Thin generic on the left, thicker be quiet! on the right.

Assembling the drive cooler is as simple as installing it. Four small screws (which are adhered to a small piece of tape to ensure they don’t scatter all over the place — thank you to the packaging team!) are locked into place using an included micro-screwdriver. Simply align the half-circle that indicates the drive mount screw well with the same on the cooler and you are sure to be in the right spot — it couldn’t be simpler.

With the drive in place, I replicated the same conditions I had tested my generic cooler with — a long play of games like Returnal and Marvel’s Spider-Man as they both stream textures constantly and work the system fairly hard.

Don’t buy generic — separation is a serious problem.

As I mentioned before, without the external plate and absent a cooler, your drive will run in excess of 140 degrees Fahrenheit, with heavier loads pushing it towards the maximum limits of the drive — hardly safe. The generic cooler pushed that down to around 99 degrees while idle at the time I installed it. Never one to miss an opportunity to play with my heat gun, I re-tested the cooler before removing it and found the drive hovering at around 120 degrees Fahrenheit while idle, and around 129 during load. The pad bubble I showed above had a significant effect on my thermals — a dire warning against simply choosing the cheapest cooler you can find. Using the be quiet! MC1 cooler I performed the same test and was happy to see that same temperature — 99 degrees. I’ve now used the device for over a month and just prior to the publishing of this video I retested to see if I’d face the same thermal separation problem. Nope. 99 degrees, right on the nose. While I don’t have a way to check the internal temperature like I can on the PC, it’s very clear that this cooler is the one to buy.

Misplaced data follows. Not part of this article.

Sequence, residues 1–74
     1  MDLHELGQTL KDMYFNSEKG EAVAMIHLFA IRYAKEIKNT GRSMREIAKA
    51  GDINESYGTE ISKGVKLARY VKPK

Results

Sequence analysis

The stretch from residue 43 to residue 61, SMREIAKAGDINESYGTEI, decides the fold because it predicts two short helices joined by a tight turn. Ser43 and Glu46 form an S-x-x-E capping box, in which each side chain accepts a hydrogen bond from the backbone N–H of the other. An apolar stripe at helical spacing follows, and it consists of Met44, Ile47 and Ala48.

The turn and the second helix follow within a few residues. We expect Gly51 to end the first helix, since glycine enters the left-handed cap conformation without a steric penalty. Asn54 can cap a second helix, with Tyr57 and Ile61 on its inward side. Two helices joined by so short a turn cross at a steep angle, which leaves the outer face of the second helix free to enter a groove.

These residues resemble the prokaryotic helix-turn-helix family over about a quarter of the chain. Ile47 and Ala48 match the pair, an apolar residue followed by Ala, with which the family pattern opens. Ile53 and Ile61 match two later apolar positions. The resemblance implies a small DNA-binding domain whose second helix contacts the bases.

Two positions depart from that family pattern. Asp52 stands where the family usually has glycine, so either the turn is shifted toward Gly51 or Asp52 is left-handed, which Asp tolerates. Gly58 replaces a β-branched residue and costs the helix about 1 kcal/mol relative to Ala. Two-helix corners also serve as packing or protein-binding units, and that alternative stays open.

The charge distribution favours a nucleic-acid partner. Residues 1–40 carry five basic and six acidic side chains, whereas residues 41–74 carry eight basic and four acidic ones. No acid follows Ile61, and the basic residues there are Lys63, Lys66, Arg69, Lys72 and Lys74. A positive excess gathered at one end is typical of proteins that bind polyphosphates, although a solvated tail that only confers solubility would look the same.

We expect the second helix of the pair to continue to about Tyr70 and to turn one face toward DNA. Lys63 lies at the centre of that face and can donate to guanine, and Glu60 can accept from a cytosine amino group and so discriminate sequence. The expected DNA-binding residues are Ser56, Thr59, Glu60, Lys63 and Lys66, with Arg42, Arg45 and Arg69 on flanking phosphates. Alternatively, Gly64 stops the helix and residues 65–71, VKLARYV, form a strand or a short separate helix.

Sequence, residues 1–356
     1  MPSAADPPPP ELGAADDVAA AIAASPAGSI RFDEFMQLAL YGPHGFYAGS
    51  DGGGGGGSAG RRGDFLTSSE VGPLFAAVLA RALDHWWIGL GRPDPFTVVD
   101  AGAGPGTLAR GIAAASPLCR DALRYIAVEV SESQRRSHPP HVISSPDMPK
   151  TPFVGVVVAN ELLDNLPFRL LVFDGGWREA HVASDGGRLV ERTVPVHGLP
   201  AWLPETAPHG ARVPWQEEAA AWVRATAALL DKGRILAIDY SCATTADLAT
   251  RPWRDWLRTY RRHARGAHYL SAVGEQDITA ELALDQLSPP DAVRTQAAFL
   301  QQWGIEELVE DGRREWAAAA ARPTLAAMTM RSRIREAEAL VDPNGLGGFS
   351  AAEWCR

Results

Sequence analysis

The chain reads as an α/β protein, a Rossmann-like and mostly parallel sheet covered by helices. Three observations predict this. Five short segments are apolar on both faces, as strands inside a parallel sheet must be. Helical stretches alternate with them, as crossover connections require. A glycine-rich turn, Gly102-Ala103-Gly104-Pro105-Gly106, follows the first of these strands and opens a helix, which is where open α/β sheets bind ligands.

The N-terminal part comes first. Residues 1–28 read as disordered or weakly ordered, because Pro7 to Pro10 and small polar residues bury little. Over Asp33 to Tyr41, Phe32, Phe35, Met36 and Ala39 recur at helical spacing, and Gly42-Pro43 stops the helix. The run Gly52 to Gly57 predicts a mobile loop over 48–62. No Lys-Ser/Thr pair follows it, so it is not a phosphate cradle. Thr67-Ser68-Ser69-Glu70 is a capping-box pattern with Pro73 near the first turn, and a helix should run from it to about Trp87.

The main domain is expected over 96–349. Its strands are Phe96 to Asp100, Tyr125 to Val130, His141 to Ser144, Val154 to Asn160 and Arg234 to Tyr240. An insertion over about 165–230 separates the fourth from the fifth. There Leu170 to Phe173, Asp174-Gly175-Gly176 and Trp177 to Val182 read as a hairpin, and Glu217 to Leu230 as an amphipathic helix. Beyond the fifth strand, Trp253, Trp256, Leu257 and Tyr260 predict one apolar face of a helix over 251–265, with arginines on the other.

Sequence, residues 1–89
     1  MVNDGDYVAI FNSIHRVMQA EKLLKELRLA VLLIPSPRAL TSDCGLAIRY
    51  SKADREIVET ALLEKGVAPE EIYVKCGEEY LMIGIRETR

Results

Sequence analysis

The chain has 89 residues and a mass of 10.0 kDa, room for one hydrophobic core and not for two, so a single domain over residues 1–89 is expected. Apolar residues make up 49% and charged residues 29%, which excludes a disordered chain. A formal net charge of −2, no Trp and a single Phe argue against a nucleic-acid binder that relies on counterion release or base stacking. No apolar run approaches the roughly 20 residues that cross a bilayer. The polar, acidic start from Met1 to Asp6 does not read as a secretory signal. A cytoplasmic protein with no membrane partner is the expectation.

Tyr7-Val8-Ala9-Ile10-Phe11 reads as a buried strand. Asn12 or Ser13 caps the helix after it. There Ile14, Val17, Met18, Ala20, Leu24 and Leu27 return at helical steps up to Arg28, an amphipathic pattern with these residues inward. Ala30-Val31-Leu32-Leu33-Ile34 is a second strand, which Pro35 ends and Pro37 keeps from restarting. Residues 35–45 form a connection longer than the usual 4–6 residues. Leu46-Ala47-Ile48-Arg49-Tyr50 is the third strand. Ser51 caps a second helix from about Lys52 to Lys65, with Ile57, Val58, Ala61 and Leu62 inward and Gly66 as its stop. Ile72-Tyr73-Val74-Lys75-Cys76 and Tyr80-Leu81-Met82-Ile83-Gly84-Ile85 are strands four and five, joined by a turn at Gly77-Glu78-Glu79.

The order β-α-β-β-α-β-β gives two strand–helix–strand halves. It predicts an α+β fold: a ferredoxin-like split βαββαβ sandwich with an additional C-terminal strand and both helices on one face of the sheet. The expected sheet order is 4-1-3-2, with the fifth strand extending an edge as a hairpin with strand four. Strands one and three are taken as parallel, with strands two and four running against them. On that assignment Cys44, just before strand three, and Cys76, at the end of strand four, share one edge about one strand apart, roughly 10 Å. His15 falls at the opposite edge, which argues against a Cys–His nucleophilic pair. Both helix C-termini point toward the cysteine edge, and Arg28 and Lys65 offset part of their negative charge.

While the chip shortage has made it difficult to get your hands on an M.2 SSD, driving the prices through the roof, at least the choice in cooler is easy — the be quiet! MC1 SSD Cooler will set you back just $12.90 on NewEgg — if they are in stock. Funny enough, the one from alphabet-soup-generic company was nearly double that price. Spare yourself a problem later — go with proven German engineering and pick up the MC1.

100

Phenomenal

be quiet! MC1 M.2 cover

Review Guidelines

With higher quality pads and thicker fins to dissipate heat, the MC1 from be quiet! delivers on its promise. It’ll keep your chips cool, fit snugly in the PlayStation 5 with the protective plate in place, and protect your critical storage for years to come, all with a price that cannot be beat.

Ron Burke is the Editor in Chief for Gaming Trend. Currently living in Fort Worth, Texas, Ron is an old-school gamer who enjoys CRPGs, action/adventure, platformers, music games, and has recently gotten into tabletop gaming. Ron is also a fourth degree black belt, with a Master's rank in Matsumura Seito Shōrin-ryū, Moo Duk Kwan Tang Soo Do, Universal Tang Soo Do Alliance, and International Tang Soo Do Federation. He also holds ranks in several other styles in his search to be a well-rounded fighter. Ron has been married to Gaming Trend Editor, Laura Burke, for 21 years. They have three dogs - Pazuzu (Irish Terrier), Atë, and Calliope (both Australian Kelpie/Pit Bull mixes).